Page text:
The New York Times Turns a Critical Eye on the Politics of Big Finance


In its issue of 30/06, The New York Times offers a stupendous bit of research on the privileged handling of the mega-banks by the supposed defendants of a nation's interest ("Documents on Bailout of AIG Show How Big Banks Benefitted" by Louise Story and Gretchen Morgenson): "At the end of the American International Group's meeting last month, a shareholder approached the microphone with a question for Robert Benmosche, the insurer's chief executive.

"'I'd like to know, what does AIG plan to do with Goldman Sachs?' he asked. 'Are you going to get – recoup – some of our money that was given to them?'

"Mr. Benmosche, steward of an insurer brought to its knees two years ago after making many risky, outsize financial bets and paying billions of dollars in claims to Goldman and other banks, said he would continue evaluating his legal options. But, in reality, AIG has precious few.

"When the government began rescuing it from collapse in the fall of 2008 with what has become a $182 billion lifeline, AIG was required to forfeit its right to sue several banks – including Goldman, Société Génerale, Deutsche Bank and Merrill Lynch – over any irregularities with most of the mortgage securities it insured in the pre-crisis years.

"But after the Securities and Exchange Commission's civil fraud suit filed in April against Goldman for possibly misrepresenting a mortgage deal to investors, AIG executives and shareholders are asking whether AIG may have been misled by Goldman into insuring mortgage deals that the bank and others may have known were flawed.

"This month, an Australian hedge fund sued Goldman on similar grounds. Goldman is contesting the suit and denies any wrongdoing. A spokesman for AIG declined to comment about any plans to sue Goldman, or any other bank with which it worked. A Goldman spokesman said that his firm believed that 'all aspects of our relationship with AIG were appropriate.'"

A Legal Waiver

"Unknown outside of a few Wall Street legal departments, the AIG waiver was released last month by the House Committee on Oversight and Government Reform amid 250,000 pages of largely undisclosed documents. The documents, reviewed by The New York Times, provide the most comprehensive public record of how the Federal Reserve Bank of New York and the Treasury Department orchestrated one of the biggest corporate bailouts in history.

"The documents also indicate that regulators ignored recommendations from their own advisers to force the banks to accept losses on their AIG deals and instead paid the banks in full for their contracts. That decision, say critics of the AIG bailout, has cost taxpayers billions of extra dollars in payments to the banks. It also contrasts with the hard line the White House took in 2008 when it forced Chrysler's lenders to take losses when the government bailed out the auto giant."

The Dubious AIG Bailout

"As a Congressional commission convenes hearings Wednesday exploring the AIG bailout and Goldman's relationship with the insurer, analysts say that the documents suggest that regulators were overly punitive towards AIG and overly forgiving of banks during the bailout – signified, they say, by the fact that the legal waiver undermined AIG and its shareholders' ability to recover damages.

"'Even if turns out that it would be a hard suit to win, just the gesture of requiring AIG to scrap its ability to sue is outrageous,' said David Skeel, a law professor at the University of Pennsylvania. 'The defense may be that the banking system was in trouble, and we couldn't afford to destabilize it anymore, but that just strikes me as really going overboard.'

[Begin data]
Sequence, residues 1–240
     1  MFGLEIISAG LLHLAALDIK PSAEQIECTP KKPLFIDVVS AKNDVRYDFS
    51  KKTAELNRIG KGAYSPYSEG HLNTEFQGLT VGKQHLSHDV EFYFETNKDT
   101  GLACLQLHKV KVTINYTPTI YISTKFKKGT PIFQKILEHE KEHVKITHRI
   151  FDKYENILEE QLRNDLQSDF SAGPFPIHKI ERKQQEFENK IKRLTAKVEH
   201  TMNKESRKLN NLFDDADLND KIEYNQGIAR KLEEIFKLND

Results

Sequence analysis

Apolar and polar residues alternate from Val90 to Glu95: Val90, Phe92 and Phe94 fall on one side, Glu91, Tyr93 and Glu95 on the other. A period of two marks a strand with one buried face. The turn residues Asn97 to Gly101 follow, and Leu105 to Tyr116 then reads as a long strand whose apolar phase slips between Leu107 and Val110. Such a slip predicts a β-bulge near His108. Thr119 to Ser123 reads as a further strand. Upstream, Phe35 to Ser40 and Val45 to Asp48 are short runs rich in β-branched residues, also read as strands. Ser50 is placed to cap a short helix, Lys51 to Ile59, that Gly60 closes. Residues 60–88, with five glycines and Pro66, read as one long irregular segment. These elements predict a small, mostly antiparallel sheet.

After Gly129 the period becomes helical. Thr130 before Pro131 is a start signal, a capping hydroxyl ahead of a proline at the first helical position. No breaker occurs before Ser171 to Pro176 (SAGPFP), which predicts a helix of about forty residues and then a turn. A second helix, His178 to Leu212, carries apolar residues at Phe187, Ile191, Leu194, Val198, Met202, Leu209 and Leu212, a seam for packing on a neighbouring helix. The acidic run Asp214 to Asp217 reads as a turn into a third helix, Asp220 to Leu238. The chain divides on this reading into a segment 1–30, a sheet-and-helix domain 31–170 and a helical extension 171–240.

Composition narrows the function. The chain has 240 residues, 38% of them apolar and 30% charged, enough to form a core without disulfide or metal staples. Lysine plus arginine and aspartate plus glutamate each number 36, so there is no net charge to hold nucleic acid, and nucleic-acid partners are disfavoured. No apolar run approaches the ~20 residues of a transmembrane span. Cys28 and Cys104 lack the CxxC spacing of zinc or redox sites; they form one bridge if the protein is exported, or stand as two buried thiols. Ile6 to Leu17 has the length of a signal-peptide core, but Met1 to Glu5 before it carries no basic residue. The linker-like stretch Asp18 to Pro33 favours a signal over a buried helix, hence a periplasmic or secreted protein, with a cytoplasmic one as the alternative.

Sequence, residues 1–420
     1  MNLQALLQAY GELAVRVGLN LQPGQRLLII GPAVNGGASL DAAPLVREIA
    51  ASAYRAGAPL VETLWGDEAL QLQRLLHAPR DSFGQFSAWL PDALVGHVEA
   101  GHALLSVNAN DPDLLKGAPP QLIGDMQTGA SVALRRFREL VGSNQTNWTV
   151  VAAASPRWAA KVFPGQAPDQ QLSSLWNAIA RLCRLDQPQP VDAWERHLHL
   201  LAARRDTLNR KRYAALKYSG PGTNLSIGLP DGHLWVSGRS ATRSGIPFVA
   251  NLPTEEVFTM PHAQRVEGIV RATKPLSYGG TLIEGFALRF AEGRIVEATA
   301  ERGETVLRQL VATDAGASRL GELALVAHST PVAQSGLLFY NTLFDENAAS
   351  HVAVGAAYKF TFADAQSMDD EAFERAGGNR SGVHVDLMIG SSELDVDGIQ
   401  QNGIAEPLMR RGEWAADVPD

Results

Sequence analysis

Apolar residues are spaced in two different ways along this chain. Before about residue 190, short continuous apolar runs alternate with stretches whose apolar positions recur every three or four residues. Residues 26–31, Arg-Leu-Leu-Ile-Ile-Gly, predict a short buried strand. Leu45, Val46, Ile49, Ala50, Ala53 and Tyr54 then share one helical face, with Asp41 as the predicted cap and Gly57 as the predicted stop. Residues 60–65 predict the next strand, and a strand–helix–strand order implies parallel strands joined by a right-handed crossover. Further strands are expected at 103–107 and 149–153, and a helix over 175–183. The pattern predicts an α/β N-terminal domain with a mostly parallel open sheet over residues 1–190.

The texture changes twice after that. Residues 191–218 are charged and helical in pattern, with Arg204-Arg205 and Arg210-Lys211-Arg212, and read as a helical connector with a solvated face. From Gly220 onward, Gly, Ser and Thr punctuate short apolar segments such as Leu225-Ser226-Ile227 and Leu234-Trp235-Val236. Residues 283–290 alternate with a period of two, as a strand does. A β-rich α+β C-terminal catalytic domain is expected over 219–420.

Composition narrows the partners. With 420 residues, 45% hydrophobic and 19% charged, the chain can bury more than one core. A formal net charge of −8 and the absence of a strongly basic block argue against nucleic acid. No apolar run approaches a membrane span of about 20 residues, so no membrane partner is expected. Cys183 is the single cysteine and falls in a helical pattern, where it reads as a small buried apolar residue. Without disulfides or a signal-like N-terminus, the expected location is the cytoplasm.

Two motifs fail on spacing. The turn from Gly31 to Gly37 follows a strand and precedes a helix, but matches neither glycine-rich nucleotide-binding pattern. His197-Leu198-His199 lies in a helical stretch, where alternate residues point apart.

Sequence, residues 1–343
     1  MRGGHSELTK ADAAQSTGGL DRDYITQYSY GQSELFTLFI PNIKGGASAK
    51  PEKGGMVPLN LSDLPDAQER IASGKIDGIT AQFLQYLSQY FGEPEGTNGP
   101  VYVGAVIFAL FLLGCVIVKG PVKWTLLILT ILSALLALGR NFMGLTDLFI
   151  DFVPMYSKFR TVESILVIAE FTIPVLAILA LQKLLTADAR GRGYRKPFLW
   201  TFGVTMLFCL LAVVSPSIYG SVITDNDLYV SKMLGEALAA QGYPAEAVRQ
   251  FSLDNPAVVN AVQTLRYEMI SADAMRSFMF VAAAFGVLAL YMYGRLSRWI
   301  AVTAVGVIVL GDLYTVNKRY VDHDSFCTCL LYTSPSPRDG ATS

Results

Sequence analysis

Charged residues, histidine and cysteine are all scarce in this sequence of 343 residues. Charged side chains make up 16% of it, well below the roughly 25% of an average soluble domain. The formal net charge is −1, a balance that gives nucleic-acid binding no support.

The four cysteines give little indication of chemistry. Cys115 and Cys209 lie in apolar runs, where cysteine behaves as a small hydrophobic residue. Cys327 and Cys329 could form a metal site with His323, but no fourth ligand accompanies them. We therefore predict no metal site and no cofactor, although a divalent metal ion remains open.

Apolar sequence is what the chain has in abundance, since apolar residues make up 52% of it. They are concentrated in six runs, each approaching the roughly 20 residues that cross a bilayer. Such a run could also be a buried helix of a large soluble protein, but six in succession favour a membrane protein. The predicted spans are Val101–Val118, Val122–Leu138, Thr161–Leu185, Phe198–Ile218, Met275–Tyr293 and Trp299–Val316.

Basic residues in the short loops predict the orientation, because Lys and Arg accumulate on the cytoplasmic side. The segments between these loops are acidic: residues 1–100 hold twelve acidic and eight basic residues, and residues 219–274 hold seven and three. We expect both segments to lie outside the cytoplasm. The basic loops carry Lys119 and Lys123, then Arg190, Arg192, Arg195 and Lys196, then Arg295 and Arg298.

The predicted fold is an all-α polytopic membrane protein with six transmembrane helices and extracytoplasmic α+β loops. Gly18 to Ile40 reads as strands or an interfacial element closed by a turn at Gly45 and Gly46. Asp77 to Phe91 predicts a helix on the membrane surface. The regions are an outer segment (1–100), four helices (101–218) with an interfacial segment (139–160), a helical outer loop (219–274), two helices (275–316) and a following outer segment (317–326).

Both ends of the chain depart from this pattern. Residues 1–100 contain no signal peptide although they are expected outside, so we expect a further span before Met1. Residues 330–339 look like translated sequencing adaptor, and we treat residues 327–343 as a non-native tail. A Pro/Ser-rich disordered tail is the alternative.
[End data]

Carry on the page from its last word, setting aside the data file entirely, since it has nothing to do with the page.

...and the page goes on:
"'This really suggests they had myopia and were looking at it entirely through the perspective of the banks,' Mr. Skeel said.

"Regulators at the New York Fed declined to comment on the legal waiver but disagreed with that viewpoint.

"'This was not about the banks,' said Sarah J. Dahlgren, a senior vice president for the New York Fed who oversees AIG. 'This was about stabilizing the system by preventing the disorderly collapse of AIG and the potentially devastating consequences of that event for the US and global economies.'

"This month, the Congressional Oversight Panel, a body charged with reviewing the state of financial markets and the regulators that monitor them, published a 337-page report on the AIG bailout. It concluded that the Federal Reserve Bank of New York did not give enough consideration to alternatives before sinking more and more taxpayer money into AIG. 'It is hard to escape the conclusion that FRBNY was just going through the motions,' the report said.

"About the $46 billion of the taxpayer money in the AIG bailout was used to pay to mortgage trading partners like Goldman and Société Génerale, a French bank, to make good on their claims. The banks are not expected to return any of that money, leading the Congressional Research Service to say in March that much of the taxpayer money ultimately bailed out the banks, not AIG.
"A Goldman spokesman said that he does agree with that report's assertion, noting that his firm considered itself to be insulated from possible losses on its AIG deals.

"Even with the financial reform legislation that Congress introduced last week, David A. Moss, a Harvard Business School professor, said he was concerned that the government had not developed a blueprint for stabilizing markets when huge companies like AIG run aground and, for that reason, regulators' actions during the financial crisis need continued scrutiny. 'We have to vet these things now because otherwise, if we face a similar crisis again, federal officials are likely to follow precedents set this time around,' he said."


-- from COMER, August 2010